they would easily see that it is just as impossible to deal with all the
different members of the union as it is for a workman to call on sev
eral hundred stockholders in order to get his pay increased.
But after all, the main thing just now is that the striking stevedores
got their wage scale increased. Of course "the union did not win,"
but it did get what it fought for. For the benefit of our brethern of the
island press, we would like to remark that if it had not been for the
effectiveness of that quick and silent walkout the longshoresmen would
still be working for the old wage scale. The press did what else was
necessary. The strike made "news" and it did not take long for the
stockholders in shipping concerns, and the public in general, to learn
that the men were not getting decent wages.
"SPOTLESS CITY" IV ANTED
Members of the Maui County Fair committees have asked the local
press to aid in urging the people of Wailuku and Central Maui to devote
special effort to making the surroundings of their homes attractive dur
ing the county show. It is not too early now to begin work. Trim your
lawns and flowerbeds and keep on doing so, if they are now in neglect,
and if you have formed the habit of being careless about the appearance
of your home. This will be one of the effective things that every home
owner can do towards helping the fair and helping Maui. By doing as
requested you will also provide pleasure for yourself in the time spent
in beautifying your home.
ARE PRESENT EXAMPLES EXCEPTED?
"Building, maintaining and attending churches is a wicked waste of
money and time. Stop it and you will have more money and time for
really benevolent and uplifting work," writes Walter Thurtell, editor of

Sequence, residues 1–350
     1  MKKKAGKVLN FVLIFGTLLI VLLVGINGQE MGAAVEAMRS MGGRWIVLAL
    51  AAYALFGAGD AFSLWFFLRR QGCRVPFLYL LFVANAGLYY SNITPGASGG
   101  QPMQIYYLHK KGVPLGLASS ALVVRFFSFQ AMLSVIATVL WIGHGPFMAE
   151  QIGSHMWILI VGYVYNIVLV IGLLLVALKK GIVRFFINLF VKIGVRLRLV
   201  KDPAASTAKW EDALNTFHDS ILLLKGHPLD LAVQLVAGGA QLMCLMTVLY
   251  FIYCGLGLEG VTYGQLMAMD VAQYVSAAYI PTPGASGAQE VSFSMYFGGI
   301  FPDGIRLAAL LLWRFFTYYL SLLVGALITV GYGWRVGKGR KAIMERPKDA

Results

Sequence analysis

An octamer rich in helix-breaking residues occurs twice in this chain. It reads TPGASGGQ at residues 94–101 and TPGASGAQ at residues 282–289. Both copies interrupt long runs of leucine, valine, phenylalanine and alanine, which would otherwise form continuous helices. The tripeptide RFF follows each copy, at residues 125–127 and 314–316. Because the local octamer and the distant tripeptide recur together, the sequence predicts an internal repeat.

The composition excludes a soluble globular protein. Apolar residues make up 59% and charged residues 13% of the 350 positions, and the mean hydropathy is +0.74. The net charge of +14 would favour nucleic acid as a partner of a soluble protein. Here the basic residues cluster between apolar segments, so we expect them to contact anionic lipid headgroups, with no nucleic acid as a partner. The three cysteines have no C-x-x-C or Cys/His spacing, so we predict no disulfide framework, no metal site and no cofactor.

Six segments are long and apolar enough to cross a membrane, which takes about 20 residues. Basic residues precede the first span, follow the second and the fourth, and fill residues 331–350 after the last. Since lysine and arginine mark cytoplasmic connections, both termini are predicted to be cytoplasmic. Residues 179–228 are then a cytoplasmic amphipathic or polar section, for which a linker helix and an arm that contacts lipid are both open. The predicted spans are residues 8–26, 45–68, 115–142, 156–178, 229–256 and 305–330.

Now and Then, a Honolulu publication, which follows the teachings of
Robert Ingersoll. We know a lot of men who are not particularly
distinguished in the efforts of which he complains, but neither are they
particularly distinguished on account of the money or the time they
devote to "benevolent and uplifting work." Some of tnem do not even
work at all, if they can prevent it.
RATIO ABOUT THE SAME
Abe Louisson, after only four days spent campaigning on this island,
belied all wise political predictions on Maui, as he did on the other is
lands in the primary election. It was said that he would be fortunate if
he received fifteen votes on the Valley Isle, but, as the returns showed,
he received nearly eighty. Comparatively, this might be taken to indicate
that there are as many independent voters on Maui as there are on
Incidentally, the direct primary on Saturday proved a weapon in
the hands of the voter who had a protest to make. Abe Louisson would
have had no more chance of winning a Republican nomination from
I'rince Kuhio, under the old convention system, than a snowball in
Kilauea, and under that system Republicans would have had to accept
the convention nominee without the slightest chance to kick unless they